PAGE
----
Showing posts from June, 2014

52 Ancestors, Week 25: Clyde Walter Day and Mamie McAninch Day

Clyde Walter Day and Mamie A McAninch were my great-grandparents.  I have very limited memory of them, so I would love to supplement this post with the memories of my aunts, cousins and siblings.  If you’d like, please comment, message me or e-mail me and I will add your comments (or corrections).  That way, we will have a record for the next generations.

Clyde was born 27 Oct 1881 in Mount Ayr, Ringgold County, Iowa. He was the oldest of 11 children. He had 5 brothers and 3 sisters. (2 other siblings must have died). Clyde completed 8 years of schooling. His dad, Ross was a farmer and a mason.

Mamie was born July 1891 in Ringgold County, Iowa.  She was the 3rd of 4 children, and the only girl. Mamie also completed 8 years of schooling. Her dad, William was a farmer.

In 1906, Clyde (25) and Mamie (15) were married.  Their sons Kyle and James were born in 1907 and 1909. They moved to Nebraska in 1909. On the 18 Apr 1910 Census, Clyde and Mamie and their two small children Kyle (3) and …

52 Ancestors, Week 24: Russell Gordon Day, stepped on by a mule.

When did the Days come to America?  Sadly, I don't know. I've done a lot of research, but have hit a dead end.  The family line can be traced back to James A Day who was born in 1771 in Bastard Township, Ontario, Canada.  I don't think Bastard Township is a clue, but it is ironic that his parentage is unknown. There is some evidence that Bastard Township was a home for Irish immigrants, so that's interesting.  James A Day and his family immigrated to New York around 1800.

And that is where we pick up this story.  Russell Gordon Day was born in 1822 in Greece, New York.  He moved with his parents and siblings to Warren County, Illinois in the early 1840s.

Russell married Martha Barnum (who is a very distant relative of PT Barnum of circus fame) and whose family also moved from New York to Illinois in the early 1840s.  They were married 10 Mar 1846 in Illinois. They had a 9 children between 1848 and 1863. Their 7th child (Ross) is our ancestor.

Russell (age 39) enrolled…

52 Ancestors, Week 23: Seth Barnum, served in the Revolutionary War

The Barnums left England and arrived in America in  about 1670 and were instrumental in establishing Danbury, Connecticut.   Seth Barnum was a member of the fourth generation to be born in America.  He was born 3 Nov 1754 in Danbury, the 4th of 9 children.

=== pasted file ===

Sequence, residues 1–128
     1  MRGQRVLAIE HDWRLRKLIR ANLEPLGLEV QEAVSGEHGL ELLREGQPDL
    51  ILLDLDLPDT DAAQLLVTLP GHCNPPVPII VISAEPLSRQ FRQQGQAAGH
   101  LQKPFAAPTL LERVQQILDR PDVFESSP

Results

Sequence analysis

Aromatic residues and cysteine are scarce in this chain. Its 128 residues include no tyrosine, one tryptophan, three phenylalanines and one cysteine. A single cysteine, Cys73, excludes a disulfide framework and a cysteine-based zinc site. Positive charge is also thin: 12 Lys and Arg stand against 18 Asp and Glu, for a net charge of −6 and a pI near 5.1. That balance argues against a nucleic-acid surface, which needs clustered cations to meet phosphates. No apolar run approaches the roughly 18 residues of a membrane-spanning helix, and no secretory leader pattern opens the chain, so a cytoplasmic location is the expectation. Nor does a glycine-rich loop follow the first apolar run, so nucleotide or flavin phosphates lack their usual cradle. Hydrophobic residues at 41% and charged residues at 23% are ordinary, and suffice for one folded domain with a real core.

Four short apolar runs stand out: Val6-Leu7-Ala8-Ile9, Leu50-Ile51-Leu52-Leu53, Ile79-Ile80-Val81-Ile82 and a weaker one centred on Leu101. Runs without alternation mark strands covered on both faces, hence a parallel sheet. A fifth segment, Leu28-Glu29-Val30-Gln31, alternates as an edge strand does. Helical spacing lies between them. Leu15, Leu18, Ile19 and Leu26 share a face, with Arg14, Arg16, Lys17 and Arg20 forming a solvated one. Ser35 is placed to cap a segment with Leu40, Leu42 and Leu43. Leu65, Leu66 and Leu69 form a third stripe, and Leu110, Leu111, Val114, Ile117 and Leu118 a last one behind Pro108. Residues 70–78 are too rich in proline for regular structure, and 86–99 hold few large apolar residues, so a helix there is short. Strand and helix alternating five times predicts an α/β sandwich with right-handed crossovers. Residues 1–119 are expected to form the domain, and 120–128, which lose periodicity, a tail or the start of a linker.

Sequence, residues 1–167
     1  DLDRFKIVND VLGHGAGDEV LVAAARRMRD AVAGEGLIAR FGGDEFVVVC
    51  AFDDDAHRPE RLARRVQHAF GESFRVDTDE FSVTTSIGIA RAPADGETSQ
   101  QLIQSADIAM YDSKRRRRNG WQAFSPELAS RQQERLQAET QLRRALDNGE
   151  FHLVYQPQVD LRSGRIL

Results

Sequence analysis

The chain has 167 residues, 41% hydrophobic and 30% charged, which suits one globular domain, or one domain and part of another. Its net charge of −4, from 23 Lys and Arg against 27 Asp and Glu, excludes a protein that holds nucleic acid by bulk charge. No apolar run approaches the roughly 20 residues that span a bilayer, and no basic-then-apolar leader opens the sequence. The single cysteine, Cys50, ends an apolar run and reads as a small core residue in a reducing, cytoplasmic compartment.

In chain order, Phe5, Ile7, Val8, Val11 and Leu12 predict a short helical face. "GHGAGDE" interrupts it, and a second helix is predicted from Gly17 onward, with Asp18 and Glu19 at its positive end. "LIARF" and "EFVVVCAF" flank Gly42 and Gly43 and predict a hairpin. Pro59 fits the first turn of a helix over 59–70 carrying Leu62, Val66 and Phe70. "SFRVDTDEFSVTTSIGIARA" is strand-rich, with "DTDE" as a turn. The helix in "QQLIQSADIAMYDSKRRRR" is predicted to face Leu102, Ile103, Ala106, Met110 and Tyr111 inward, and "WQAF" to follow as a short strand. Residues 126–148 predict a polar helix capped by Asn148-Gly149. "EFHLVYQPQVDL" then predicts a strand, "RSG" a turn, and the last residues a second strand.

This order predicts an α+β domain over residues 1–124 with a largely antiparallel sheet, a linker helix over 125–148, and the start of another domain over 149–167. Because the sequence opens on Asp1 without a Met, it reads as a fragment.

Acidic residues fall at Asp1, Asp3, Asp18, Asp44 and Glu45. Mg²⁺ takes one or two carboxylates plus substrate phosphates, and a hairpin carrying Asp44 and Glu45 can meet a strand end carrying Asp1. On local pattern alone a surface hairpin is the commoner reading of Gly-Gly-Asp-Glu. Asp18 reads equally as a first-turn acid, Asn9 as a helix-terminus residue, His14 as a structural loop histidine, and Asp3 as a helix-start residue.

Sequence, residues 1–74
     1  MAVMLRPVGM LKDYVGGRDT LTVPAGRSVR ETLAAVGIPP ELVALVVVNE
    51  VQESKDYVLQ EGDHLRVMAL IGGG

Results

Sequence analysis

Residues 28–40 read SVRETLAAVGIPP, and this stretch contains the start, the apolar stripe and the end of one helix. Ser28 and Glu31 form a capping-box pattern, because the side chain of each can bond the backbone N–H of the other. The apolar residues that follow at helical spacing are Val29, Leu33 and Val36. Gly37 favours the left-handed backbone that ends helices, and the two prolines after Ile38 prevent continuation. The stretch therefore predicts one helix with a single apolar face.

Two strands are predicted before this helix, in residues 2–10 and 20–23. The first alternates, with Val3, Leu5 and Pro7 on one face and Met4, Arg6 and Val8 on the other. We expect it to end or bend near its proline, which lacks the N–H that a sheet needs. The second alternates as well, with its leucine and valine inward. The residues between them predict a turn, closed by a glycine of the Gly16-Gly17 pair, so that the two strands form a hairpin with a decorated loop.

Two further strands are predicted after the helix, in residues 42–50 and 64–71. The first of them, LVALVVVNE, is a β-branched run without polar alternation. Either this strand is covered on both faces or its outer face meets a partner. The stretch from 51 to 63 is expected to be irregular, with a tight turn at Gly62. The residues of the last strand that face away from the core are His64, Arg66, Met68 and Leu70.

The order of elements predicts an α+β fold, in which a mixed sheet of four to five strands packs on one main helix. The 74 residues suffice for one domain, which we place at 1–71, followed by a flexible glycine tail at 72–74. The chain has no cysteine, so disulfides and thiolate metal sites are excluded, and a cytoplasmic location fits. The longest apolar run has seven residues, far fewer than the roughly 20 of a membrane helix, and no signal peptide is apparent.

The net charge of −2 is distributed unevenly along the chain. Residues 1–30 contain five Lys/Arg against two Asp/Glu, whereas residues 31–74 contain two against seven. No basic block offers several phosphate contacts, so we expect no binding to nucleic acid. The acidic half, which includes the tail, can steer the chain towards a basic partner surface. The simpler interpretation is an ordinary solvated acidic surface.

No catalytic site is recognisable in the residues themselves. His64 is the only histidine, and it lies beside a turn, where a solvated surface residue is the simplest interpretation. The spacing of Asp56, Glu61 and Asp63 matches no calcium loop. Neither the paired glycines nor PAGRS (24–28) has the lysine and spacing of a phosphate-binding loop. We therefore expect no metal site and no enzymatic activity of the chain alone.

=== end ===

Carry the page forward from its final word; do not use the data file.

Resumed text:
Seth (age 20)  married Mary Cartwright on 23 Oct 1774 in Danbury CT.  She must have died, maybe in childbirth.

Seth (age 21) enlisted 12 May 1775.  He was a private in the 6th Company, 5th Regiment, of Colonel David Waterbury's Connecticut Line.

"In June 1775, the 5th was sent briefly to New York City, but by July began its northward trek along the Hudson River with other Connecticut Regiments to invade Canada and secure Lakes George and Champlain.

The regiment received its first hostile fire from a force of Indians just prior to laying siege to the British fort at St. Jean. Together with New York troops they engaged in a long siege that started in July and eventually led to the capture of Fort St. Jean in early November…

52 Ancestors, Week 22: Reverend Chad Brown, co-founder of Providence, RI

"Reverend Chad Brown (1603-1650) was one of the first ministers of the First Baptist Church in America and a co-founder of Providence, Rhode Island. Brown was also the American progenitor of the Brown family of Rhode Island, known for its association with Brown University, founded in 1764.

Chad Brown was born in High Wycombe, Buckinghamshire, England and married Elizabeth Sharparowe on 11 September 1626.  (They had several children, although it is a bit unclear exactly how many and when they were born. Our ancestor, Daniel, was born in 1644 in Rhode Island.)

Chad and his family immigrated to New England on the ship 'Martin', arriving in July of 1636.

The family lived in Boston, but soon moved to Providence which was recently purchased by Roger Williams from the Native Americans.

Sometime between 1639 and 1644 Brown and twelve others signed an agreement sometimes called the Providence Compact, an agreement of "second comers" as opposed to the original proprieto…